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Application of a CHILD WITH A DISABILITY, by his parent, for review of a determination of a hearing officer relating to the provision of educational services by the Board of Education of the City School District of the City of New York


Neal H. Rosenberg, Esq., attorney for petitioner

Hon. Michael D. Hess, Corporation Counsel, attorney for respondent, Laura Eberstein, Esq., of counsel


      Petitioner appeals from the decision of an impartial hearing officer which upheld petitioner's challenge to her son's classification by respondent's committee on special education (CSE), but which dismissed her challenge to the educational placement which the CSE had recommended, and which denied her request for an award of tuition reimbursement. The appeal must be dismissed.

        At the outset, I note that respondent objects to my consideration of two exhibits which are attached to the petition, but which were not part of the record before the hearing officer. The documents are a hearing officer's decision ordering respondent to pay for the child's education at the West End Day School for the 1995-96 school year, and a stipulation between the parties that respondent would reimburse petitioner for the cost of the boy's attendance at that private school for the 1996-97 school year. Documentary evidence not presented at a hearing may be considered in an appeal from the hearing officer's decision, if such evidence was unavailable at the time of the hearing, or the record would be incomplete without the evidence (Application of a Child with a Disability, Appeal No. 95-41). Petitioner has not explained why she failed to offer the two documents at the hearing in this proceeding. However, I have decided to accept the documents to provide some information about the child's prior placement to supplement what is an otherwise limited record (Application of a Child with a Disability, Appeal No. 95-41). In doing so, I must note that the prior hearing officer’s decision regarding the 1995-96 school year does not relieve petitioner of her obligation to prove that the West End School was appropriate to meet her son’s special education needs for the 1997-98 school year.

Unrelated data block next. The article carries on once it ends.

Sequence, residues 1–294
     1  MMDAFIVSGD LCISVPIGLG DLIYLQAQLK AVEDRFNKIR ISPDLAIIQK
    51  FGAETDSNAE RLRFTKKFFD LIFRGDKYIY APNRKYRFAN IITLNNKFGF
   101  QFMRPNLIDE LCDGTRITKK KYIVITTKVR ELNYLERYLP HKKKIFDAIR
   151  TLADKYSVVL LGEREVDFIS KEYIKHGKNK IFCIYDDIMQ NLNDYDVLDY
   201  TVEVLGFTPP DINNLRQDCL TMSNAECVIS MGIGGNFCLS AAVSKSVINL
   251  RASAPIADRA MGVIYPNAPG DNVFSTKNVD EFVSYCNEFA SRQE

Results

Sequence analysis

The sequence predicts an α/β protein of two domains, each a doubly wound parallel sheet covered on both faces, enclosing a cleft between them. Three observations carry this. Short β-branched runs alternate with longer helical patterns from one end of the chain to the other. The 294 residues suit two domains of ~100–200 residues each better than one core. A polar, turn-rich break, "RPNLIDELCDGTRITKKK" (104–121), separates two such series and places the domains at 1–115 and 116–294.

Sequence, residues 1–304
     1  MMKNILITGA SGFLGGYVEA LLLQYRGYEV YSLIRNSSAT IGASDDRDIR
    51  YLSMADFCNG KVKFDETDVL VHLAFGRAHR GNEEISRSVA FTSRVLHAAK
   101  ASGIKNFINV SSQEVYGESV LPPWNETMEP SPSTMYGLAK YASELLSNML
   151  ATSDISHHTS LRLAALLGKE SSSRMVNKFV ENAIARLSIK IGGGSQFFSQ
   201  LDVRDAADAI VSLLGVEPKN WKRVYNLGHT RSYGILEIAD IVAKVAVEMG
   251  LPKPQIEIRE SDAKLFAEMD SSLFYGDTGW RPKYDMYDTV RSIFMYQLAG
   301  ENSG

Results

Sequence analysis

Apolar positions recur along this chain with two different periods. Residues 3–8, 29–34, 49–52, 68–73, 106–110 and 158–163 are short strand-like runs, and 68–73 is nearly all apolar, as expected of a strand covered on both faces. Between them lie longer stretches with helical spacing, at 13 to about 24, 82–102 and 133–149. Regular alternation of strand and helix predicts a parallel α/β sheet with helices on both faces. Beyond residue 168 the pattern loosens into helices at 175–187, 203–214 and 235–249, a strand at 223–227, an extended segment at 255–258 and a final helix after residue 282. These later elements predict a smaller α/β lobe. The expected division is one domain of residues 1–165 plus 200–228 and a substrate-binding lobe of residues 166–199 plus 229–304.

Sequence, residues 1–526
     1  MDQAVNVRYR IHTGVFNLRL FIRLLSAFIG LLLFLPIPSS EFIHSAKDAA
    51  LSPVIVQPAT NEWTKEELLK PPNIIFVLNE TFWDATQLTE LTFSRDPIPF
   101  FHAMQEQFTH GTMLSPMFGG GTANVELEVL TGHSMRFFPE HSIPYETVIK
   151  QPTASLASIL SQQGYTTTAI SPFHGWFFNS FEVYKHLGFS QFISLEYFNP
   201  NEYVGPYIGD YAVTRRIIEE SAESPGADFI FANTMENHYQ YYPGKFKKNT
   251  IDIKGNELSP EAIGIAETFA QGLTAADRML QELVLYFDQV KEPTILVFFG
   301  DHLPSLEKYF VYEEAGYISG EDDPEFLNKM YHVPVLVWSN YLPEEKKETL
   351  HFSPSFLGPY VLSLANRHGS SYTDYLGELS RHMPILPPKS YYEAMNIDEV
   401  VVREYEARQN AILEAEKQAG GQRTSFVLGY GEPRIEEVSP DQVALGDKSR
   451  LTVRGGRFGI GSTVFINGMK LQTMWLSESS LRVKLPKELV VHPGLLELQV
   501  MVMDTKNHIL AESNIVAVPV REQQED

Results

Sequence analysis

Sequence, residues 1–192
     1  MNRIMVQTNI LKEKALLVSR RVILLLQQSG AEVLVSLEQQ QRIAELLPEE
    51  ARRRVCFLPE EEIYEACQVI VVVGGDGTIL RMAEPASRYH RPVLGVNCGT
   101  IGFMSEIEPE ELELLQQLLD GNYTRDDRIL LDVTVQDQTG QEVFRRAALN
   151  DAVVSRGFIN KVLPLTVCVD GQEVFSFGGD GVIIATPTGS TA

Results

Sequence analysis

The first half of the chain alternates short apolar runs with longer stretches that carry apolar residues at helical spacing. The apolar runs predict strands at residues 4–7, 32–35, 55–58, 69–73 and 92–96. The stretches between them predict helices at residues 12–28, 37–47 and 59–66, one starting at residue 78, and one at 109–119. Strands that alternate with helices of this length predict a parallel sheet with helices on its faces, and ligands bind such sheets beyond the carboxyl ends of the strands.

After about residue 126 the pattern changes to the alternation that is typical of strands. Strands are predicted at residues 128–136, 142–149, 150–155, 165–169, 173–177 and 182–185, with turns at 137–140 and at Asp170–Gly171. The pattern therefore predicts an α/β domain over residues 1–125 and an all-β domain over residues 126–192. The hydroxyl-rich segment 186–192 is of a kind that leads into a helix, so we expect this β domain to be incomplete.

Petitioner's son is eleven years old. The boy reportedly attended the Riverdale Country School from September, 1991 until June, 1995. He reportedly had academic and social difficulties while attending that private school, and petitioner was reportedly advised by the school to seek another placement for her son. Petitioner referred the boy to the CSE of Community School District No. 10, where she resides. However, that CSE failed to evaluate the child or recommend an educational placement for him. Petitioner enrolled her son for the 1995-96 school year in the West End School, where he apparently repeated the second grade. The West End School is a small private school which serves children who have emotional and/or learning difficulties (Transcript, page 49). However, it has not been approved by the New York State Education Department to instruct children with disabilities.